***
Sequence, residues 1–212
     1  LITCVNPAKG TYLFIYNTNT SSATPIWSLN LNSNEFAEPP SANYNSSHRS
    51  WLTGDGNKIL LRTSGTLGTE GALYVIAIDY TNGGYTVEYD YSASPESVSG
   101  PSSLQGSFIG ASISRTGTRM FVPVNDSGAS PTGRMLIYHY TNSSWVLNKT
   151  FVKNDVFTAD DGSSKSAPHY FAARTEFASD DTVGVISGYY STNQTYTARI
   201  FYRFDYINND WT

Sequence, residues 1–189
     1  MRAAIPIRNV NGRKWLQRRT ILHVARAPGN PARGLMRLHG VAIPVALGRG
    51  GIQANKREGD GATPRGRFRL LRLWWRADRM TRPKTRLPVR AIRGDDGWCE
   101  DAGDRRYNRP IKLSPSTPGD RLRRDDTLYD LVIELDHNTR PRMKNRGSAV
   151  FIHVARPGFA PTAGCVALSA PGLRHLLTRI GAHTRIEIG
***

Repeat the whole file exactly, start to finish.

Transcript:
Sequence, residues 1–212
     1  LITCVNPAKG TYLFIYNTNT SSATPIWSLN LNSNEFAEPP SANYNSSHRS
    51  WLTGDGNKIL LRTSGTLGTE GALYVIAIDY TNGGYTVEYD YSASPESVSG
   101  PSSLQGSFIG ASISRTGTRM FVPVNDSGAS PTGRMLIYHY TNSSWVLNKT
   151  FVKNDVFTAD DGSSKSAPHY FAARTEFASD DTVGVISGYY STNQTYTARI
   201  FYRFDYINND WT

Sequence, residues 1–189
     1  MRAAIPIRNV NGRKWLQRRT ILHVARAPGN PARGLMRLHG VAIPVALGRG
    51  GIQANKREGD GATPRGRFRL LRLWWRADRM TRPKTRLPVR AIRGDDGWCE
   101  DAGDRRYNRP IKLSPSTPGD RLRRDDTLYD LVIELDHNTR PRMKNRGSAV
   151  FIHVARPGFA PTAGCVALSA PGLRHLLTRI GAHTRIEIG